NEW YORK — In partnership with Unilever, graduating students in the Fashion Institute of Technology's Cosmetics and Fragrance Marketing and Management Master of Professional Studies program revealed insights into future beauty consumers and the methodologies that beauty companies should adopt to remain competitive.
The Capstone Research Presentation for the 2014 Unilever-sponsored FIT’s Cosmetics and Fragrance Marketing and Management Master’s Program was held Wednesday evening in New York City at FIT in the Haft Auditorium.
"At Unilever we deliver world class innovation based on rich insights that create meaningful connections with our consumers, and we know that what's relevant today may not be tomorrow as demographics continue to evolve," stated David Rubin, marketing VP Unilever Hair U.S. "The dynamic and intelligent graduate students of FIT's Cosmetics and Fragrance Marketing and Management Master's Program have come together to take on imminent challenges of the business, such as 'The Changing Face of the Beauty Consumer.' We at Unilever are honored to partner with FIT to help foster the growth of these prospective industry leaders."
Each year the graduating class presents forward-thinking capstone research along with industry predictions and proposals for beauty companies. This year’s CFMM capstone research focused on the evolution of the beauty landscape, exploring "The Changing Face of the Beauty Consumer" across three key areas — accessible beauty, the new beauty consumer and men's beauty and grooming.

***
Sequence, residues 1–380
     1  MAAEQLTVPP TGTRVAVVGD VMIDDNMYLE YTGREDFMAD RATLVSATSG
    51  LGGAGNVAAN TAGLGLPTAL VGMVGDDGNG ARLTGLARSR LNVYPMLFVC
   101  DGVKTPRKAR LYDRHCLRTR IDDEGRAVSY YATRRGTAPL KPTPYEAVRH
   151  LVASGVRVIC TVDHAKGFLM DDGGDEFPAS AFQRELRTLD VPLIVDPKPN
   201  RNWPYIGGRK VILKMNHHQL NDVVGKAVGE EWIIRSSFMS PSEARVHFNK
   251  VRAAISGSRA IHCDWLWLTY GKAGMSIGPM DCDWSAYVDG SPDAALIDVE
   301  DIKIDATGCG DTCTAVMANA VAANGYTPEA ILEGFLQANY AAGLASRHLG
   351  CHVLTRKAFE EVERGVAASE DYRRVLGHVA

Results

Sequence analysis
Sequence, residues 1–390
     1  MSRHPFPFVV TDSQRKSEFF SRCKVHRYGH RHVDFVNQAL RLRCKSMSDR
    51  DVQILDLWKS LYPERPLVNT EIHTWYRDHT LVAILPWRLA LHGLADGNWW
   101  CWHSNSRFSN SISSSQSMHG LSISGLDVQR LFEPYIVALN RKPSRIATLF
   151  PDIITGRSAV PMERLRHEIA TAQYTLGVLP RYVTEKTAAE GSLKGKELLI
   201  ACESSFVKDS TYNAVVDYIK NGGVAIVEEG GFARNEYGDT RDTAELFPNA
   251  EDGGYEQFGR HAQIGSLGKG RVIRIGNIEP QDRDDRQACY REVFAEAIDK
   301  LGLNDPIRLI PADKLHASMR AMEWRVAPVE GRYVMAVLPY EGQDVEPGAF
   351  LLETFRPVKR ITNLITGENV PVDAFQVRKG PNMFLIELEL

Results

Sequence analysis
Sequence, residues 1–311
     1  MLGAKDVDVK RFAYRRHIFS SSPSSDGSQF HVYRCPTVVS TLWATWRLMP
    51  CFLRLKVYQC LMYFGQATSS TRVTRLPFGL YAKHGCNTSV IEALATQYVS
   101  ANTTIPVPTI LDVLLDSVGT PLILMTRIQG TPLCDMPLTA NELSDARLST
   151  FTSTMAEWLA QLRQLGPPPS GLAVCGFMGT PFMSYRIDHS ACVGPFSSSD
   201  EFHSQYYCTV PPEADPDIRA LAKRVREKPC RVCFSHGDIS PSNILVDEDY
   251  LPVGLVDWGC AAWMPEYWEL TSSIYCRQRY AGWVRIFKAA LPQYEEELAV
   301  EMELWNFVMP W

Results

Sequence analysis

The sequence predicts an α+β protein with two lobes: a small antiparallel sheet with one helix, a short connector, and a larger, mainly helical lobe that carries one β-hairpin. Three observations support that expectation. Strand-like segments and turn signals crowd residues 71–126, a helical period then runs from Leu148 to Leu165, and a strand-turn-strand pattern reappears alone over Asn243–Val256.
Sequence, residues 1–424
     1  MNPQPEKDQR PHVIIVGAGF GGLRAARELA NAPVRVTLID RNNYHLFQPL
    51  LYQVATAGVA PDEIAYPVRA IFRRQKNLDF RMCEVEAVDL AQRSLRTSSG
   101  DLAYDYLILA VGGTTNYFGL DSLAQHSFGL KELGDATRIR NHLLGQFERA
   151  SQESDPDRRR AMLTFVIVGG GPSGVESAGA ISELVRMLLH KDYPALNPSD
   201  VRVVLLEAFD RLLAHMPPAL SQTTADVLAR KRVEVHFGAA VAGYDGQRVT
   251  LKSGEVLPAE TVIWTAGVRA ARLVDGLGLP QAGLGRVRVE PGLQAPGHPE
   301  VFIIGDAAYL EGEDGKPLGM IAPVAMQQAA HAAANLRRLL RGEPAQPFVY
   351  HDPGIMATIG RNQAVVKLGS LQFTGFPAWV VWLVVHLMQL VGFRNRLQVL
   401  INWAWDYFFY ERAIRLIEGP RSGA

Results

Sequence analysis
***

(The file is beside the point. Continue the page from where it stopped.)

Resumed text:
Accessible beauty: introduces a new name for a growing consumer group: progressive rationalists. This group regularly trades up and down, necessitating a different approach for reaching them. Key findings include:
- By 2030, there will be a 50% decline in global poverty, leading to strong middle class consumerism.
- Asia will surpass the United States and Europe in GOP, population, military spending, and technology investment; and
- Global migration will increase due to an aging population in developed countries.
- The industry should adopt a new model called Progressive Consumption Equation: [function + higher order need] + performance = purchase; and
- Brands must focus on three higher order needs: convenience — brands need to be hyper accessible by empowering local consumers to become points of distribution, utilizing the franchise method of "buying in"; clarity — brands need to leverage radical transparency, from philanthropy to profits to resources; and cash — brands must help consumers save money by developing the next generation of private-label products everywhere consumers shop, without risking brand image.
Engaging the new beauty consumer presents a new strategy that leverages total consumer identity. This new strategy moves beyond the traditional segmentation model of race, sex, age and geography. Key findings include:
- By 2030, race will transform into cultural values. The United States will no longer be a melting pot, but a mosaic of mixed ethnicity creating individual ethnicities;
- The range of gender identities will significantly broaden. Even today, Facebook offers 56 options for gender;